Appeal from the order of the Pennsylvania Board of Probation and Parole in case of Raymond Hossback, Parole No. 6664.
John W. Packel, Assistant Defender, Chief of Appeals Division, with him Benjamin Lerner, Defender, Defender Association of Philadelphia, for petitioner.
Arthur R. Thomas, Assistant Chief Counsel, with him Robert A. Greevy, Chief Counsel, Jay C. Waldman, General Counsel, and LeRoy S. Zimmerman, for respondent.
Judges Blatt, Williams, Jr. and Doyle, sitting as a panel of three. Opinion by Judge Williams, Jr.
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Raymond Hossback (petitioner) petitions for review of the denial of administrative relief by the Pennsylvania Board of Probation and Parole (Board) from its order revoking his parole and recommitting him as a technical parole violator.*fn1
On April 17, 1980, the petitioner, while on parole, was arrested by federal drug enforcement agents for alleged federal drug law violations. Also, on April 17, 1980, the Board lodged a detainer on him based on his arrest and on his travel outside of the area of his parole supervision. Subsequently, he was indicted on four counts with violations of the Comprehensive Drug Abuse Prevention and Control Act of 1970, 21 U.S.C. §§ 801-1194. On July 15, 1980, Judge Van Artsdalen of the U.S. District Court, ruling on a pre-trial defense motion to suppress the evidence against the petitioner, held that the federal government had failed to meet its burden under the rule of Kastigar v. United States, 406 U.S. 441 (1972), and suppressed all of the evidence against the petitioner. Judge Van Artsdalen found that under Kastigar the federal government could not prove that its evidence against the petitioner was not directly premised on, or indirectly derived from, testimony and interviews which the petitioner had given in 1977. The petitioner testified under a statutory grant of immunity*fn2 before a federal grand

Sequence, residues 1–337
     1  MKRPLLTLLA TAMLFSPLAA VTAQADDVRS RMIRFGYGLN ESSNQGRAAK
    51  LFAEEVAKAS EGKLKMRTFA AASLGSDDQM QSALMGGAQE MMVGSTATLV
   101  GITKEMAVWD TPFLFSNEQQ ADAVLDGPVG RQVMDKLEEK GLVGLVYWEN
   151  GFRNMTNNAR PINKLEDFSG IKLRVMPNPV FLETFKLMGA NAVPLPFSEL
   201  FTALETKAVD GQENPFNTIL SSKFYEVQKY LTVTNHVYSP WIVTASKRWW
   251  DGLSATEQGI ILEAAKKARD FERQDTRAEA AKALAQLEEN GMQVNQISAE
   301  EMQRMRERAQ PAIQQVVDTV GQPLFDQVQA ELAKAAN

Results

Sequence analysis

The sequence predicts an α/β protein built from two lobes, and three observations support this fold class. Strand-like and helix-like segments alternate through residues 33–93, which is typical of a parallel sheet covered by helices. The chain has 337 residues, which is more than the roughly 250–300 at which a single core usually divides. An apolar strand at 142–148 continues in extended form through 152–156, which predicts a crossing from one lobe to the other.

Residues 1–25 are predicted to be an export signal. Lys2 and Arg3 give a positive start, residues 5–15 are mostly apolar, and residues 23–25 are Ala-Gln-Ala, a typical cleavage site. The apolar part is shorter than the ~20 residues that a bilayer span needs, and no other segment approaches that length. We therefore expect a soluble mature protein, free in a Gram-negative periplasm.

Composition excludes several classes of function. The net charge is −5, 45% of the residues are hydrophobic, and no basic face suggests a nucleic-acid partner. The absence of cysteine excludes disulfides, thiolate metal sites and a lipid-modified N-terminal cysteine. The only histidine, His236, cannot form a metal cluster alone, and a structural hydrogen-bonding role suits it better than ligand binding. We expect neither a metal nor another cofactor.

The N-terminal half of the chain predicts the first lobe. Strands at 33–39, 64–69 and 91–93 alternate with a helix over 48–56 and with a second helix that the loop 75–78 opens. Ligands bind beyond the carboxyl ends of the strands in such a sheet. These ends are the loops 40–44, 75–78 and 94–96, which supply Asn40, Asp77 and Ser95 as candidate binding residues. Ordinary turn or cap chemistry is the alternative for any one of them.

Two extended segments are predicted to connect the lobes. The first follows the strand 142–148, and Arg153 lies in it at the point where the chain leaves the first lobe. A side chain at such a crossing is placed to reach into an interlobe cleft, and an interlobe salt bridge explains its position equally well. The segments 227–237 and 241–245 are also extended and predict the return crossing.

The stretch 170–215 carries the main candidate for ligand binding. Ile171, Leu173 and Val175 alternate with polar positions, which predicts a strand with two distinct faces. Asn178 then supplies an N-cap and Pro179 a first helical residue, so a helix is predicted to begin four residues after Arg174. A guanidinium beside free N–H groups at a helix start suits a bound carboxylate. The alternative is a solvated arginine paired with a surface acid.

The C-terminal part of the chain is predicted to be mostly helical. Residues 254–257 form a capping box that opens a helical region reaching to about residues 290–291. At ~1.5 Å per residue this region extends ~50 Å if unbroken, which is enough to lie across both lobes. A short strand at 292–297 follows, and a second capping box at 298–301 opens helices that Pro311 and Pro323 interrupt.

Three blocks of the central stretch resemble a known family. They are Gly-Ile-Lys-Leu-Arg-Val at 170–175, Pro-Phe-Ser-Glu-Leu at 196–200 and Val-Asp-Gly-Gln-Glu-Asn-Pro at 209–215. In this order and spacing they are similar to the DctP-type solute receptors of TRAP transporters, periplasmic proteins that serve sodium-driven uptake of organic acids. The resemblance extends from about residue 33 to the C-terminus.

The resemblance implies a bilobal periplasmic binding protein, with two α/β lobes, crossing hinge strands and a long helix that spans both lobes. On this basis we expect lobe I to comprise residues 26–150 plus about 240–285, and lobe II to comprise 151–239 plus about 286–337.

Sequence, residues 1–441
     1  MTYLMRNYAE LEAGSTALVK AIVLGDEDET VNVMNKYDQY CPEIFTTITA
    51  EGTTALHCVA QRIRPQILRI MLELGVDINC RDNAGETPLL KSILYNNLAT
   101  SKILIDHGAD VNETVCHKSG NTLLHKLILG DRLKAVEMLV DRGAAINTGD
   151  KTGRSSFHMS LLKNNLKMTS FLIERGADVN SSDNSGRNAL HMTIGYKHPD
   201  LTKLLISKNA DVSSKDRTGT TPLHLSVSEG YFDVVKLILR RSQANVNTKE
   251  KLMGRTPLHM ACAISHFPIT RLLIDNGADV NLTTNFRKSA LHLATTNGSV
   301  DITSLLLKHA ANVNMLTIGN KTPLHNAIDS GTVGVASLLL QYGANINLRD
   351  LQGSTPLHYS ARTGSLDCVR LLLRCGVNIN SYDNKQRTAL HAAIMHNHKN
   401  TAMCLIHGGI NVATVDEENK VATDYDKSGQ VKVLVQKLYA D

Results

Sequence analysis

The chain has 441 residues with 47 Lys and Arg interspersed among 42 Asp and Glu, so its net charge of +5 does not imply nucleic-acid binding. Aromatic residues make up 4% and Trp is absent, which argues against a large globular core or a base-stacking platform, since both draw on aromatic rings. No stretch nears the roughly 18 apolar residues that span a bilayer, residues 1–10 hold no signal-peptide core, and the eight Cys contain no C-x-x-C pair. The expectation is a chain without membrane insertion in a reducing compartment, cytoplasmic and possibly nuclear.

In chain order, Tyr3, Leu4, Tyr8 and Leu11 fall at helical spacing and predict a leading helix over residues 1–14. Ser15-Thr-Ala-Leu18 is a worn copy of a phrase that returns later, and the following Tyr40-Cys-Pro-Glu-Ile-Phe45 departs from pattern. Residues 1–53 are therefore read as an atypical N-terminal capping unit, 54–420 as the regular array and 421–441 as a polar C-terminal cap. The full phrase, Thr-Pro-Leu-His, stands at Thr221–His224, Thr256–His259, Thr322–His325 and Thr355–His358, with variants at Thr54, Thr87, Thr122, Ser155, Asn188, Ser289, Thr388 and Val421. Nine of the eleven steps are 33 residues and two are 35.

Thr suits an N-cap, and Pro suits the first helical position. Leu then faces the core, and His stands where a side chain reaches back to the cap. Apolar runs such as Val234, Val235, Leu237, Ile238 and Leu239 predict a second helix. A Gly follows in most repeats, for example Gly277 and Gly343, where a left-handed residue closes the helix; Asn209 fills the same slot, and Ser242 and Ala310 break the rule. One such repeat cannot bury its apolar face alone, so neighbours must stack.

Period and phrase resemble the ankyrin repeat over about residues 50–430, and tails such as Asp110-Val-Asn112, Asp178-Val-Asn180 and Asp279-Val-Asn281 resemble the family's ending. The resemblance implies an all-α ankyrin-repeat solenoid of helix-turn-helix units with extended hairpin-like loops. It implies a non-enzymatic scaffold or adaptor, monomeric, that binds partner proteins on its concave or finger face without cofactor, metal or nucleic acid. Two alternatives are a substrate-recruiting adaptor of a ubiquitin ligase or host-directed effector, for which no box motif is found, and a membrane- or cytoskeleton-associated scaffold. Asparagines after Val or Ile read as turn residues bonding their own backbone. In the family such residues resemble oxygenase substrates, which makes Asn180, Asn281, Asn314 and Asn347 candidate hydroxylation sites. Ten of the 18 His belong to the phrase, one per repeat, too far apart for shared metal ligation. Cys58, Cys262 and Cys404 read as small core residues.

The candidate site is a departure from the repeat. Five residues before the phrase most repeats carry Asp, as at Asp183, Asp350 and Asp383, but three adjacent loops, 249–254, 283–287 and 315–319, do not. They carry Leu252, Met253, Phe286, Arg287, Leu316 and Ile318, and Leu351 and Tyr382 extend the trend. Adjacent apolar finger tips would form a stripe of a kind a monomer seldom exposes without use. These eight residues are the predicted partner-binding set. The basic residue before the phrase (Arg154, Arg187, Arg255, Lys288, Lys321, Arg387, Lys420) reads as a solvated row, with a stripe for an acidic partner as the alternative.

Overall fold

[ 80 Pa. Commw. Page 346]
jury and at a federal drug trial. He also gave interviews, under an informal grant of immunity, to agents of the Philadelphia office of the federal Drug Enforcement Agency (DEA) concerning his knowledge of nationwide illegal drug activities.
On July 18, 1980, the Board conducted a final parole revocation hearing for the petitioner at which the sole evidence was the testimony of DEA Agent Miller. Miller's testimony, to which petitioner's counsel objected, concerned the same evidence which had been suppressed by Judge Van Artsdalen. The Board, on September 5, 1980, issued its order revoking the petitioner's parole and recommitting him, based on Agent Miller's testimony.
The sole question raised by the petitioner is whether the Board acted properly in revoking his parole and recommitting him on the basis of evidence which had been suppressed by the federal court because such evidence was directly premised on or indirectly derived from his immunized testimony or other information which he had supplied to the DEA.
In order to answer this question in favor of the petitioner, we would have to hold that a parole revocation proceeding is a ...